Musings on Kubernetes

It has been really busy few months! For a long while, I’ve had a lot of interest in Kubernetes / Docker technologies, and I’ve always kept an eye on the development in that ecosystem. I’ve occasionally played around with some of the tooling, but I never had time to really delve deep into it. Over the past few months, there have been some changes in my work and it shifted its focus on Kubernetes technology. I was really excited by the chance to get back to it! The global COVID situation developing around the globe resulted in my summer travel plans being cancelled and extracurricular social activities being significantly reduced. I decided to try and make the best of the situation and took that opportunity to really immerse myself into the Kubernetes technology ecosystem. Over the past few months, I’ve focused on doing lots of courses, readings, and hands-on work and absorb as much learning as I could. I thought I’d share a few random thoughts/ideas/opinions I’ve developed as I’ve been expanding my knowledge and experience with this technology.


Cloud Native Computing Foundation (CNCF), in collaboration with The Linux Foundation, offers two certification programs for those looking to validate their Kubernetes knowledge or attain an industry accreditation.

The Certified Kubernetes Administrator (CKA) program focuses on Kubernetes cluster administration topics with special attention given to cluster installation, configuration and maintenance, networking, security, and troubleshooting.

The Certified Kubernetes Application Developer (CKAD) exam places focus on defining Kubernetes resources and primitives related to deploying applications on top of the platform.

After much time and effort preparing, I ended up writing both exams and was successful in obtaining both certifications. In contrast to many certification exams, these tests are all hands-on exercises with no academic or multiple choice questions. Both exams are challenging in their own respect. Common to both tests is that you’re really time constrained. My experience was that the questions need to be completed very quickly in order to finish the exam in alloted time and do well. CKA exam is longer, covers more content and wider range of topics. Additionally, it requires a deeper knowledge and understanding of networking and Linux OS administration. On the other hand, CKAD is easier in a sense that it is shorter and covers less topics. However, it provides less time on per question basis, making it also a challenging test. Both tests require the candidate to have a very good mastery of the technology to succeed, and thus lot’s of preparation.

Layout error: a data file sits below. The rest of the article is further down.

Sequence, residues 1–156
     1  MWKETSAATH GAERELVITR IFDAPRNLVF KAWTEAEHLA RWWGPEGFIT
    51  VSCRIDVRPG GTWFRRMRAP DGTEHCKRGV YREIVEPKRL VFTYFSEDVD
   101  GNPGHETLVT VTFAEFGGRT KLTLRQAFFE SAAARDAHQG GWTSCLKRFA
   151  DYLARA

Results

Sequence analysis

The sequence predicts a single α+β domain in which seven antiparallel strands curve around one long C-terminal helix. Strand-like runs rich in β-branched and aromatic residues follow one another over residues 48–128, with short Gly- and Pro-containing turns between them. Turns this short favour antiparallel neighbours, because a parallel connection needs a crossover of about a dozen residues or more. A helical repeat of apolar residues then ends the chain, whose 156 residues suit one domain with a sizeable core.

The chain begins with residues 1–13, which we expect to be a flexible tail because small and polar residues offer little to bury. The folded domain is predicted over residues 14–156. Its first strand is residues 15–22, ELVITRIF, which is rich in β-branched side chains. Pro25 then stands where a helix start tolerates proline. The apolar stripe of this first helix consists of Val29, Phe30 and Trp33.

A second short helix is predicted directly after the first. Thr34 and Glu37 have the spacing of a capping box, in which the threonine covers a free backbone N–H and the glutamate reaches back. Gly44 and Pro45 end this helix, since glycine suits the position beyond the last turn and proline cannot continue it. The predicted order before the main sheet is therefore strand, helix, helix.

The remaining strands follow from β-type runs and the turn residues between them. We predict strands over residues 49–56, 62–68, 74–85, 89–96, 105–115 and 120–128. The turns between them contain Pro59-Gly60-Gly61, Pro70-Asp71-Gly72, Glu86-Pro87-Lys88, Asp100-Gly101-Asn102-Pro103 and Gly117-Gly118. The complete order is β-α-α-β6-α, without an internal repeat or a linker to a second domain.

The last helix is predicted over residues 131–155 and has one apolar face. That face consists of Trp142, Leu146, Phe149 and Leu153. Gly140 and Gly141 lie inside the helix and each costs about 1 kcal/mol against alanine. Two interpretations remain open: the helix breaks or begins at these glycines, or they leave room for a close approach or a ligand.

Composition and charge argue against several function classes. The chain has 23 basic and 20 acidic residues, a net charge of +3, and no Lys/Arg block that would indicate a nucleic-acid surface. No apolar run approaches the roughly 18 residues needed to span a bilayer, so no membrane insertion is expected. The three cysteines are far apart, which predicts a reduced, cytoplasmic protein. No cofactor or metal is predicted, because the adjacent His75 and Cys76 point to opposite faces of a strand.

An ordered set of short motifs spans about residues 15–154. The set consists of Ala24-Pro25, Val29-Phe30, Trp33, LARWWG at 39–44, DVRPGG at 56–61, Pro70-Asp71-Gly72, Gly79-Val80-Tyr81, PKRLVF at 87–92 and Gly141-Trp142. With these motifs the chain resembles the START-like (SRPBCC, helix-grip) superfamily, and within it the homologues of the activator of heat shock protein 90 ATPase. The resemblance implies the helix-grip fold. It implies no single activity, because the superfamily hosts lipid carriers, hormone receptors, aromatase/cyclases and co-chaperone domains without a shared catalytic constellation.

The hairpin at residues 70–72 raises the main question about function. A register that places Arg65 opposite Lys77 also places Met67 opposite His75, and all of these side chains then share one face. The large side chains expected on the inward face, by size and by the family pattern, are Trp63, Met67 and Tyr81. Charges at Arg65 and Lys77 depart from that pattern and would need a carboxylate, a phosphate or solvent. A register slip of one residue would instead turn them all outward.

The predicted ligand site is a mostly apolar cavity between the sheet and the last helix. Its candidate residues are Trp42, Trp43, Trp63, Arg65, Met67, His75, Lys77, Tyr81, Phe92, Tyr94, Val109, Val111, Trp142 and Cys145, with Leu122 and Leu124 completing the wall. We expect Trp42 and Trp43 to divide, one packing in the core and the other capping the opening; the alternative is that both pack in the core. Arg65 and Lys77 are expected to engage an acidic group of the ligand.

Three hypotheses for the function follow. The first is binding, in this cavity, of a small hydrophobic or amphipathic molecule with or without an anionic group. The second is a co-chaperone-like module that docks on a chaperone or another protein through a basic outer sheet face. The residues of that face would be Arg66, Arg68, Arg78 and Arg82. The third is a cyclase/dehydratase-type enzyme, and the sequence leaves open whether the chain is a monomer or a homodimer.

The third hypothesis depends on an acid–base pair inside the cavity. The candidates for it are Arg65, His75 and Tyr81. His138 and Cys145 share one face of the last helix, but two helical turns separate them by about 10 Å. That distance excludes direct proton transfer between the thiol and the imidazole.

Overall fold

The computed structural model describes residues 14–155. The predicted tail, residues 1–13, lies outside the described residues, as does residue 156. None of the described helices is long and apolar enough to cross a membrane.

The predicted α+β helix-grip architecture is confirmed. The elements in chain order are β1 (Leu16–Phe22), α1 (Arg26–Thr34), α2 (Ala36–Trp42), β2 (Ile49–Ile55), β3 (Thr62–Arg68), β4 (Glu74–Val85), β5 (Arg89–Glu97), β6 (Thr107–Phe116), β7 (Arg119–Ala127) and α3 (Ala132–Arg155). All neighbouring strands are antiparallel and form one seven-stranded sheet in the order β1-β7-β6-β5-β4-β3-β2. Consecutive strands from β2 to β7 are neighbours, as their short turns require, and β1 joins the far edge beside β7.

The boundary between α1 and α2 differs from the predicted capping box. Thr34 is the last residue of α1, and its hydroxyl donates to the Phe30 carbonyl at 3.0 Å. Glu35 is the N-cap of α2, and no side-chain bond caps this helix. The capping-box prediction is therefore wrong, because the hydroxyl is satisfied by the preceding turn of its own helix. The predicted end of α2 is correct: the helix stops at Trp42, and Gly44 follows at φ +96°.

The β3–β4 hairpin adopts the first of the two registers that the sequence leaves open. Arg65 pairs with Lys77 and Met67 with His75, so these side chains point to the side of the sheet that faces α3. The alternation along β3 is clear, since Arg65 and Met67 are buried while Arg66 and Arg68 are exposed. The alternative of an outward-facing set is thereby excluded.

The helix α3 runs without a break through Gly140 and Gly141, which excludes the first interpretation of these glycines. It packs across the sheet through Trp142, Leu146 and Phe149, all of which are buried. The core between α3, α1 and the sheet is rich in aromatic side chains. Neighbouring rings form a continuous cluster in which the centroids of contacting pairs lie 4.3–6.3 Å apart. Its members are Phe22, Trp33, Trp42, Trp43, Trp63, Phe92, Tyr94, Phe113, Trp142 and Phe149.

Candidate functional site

CNCF recently announced addition of a new Certified Kubernetes Security Specialist (CKS) program. I will be looking to write that exam once the certification becomes generally available in November.

Training Resources

There are a plethora of resources out there online for tips and guides on preparing for these exams. I will just high-light a couple.

For online training courses, The Linux Foundation offers training courses for both CKA and CKAD. Udemy also has a couple of good courses for those interested in preparing for the exams (CKA and CKAD). All of these courses provide hands-on exercises for gaining practical familiarity working with Kubernetes. From my experience, I would recommend Udemy courses slightly over the Linux Foundation courses, especially taking into account the price and value.

For exercises, there are a lot of resource to be found online by doing some Google searches. Kubernetes The Hard Way is the canonical go-to resource for anybody looking to delve deep into cluster administration (and preparing for the CKA exam). I found this GitHub repo to contain a pretty complete list of review exercises for CKAD exam.

The best and final tip I would offer is to just stand up a Kubernetes cluster and start developing. Hands-on preparation is essential. Practice! Practice! Practice!

Getting Started

Installing the kubectl command line tool is the first step for working with Kubernetes.

Azure and AWS cloud providers offer managed Kubernetes services ideal for getting started quickly.

To get started on Azure:

# Create a resource group
az group create --name <resource group> --location <location>

# Create Azure Kubernetes Cluster
az aks create --resource-group <resource group> --name <AKS Name> --node-count 3

# Get Login Credentials
az aks get-credentials --resource-group <resource group> --name <AKS Name>

To get started on AWS:

eksctl create cluster --name <EKS Name> --version 1.16 --region <AWS region> --nodegroup-name <node group name> --node-type t3.medium --nodes 3 --nodes-min 1 --nodes-max 4 --managed

For a local installation, Minikube offers an easy and quick way to get started with a learning environment.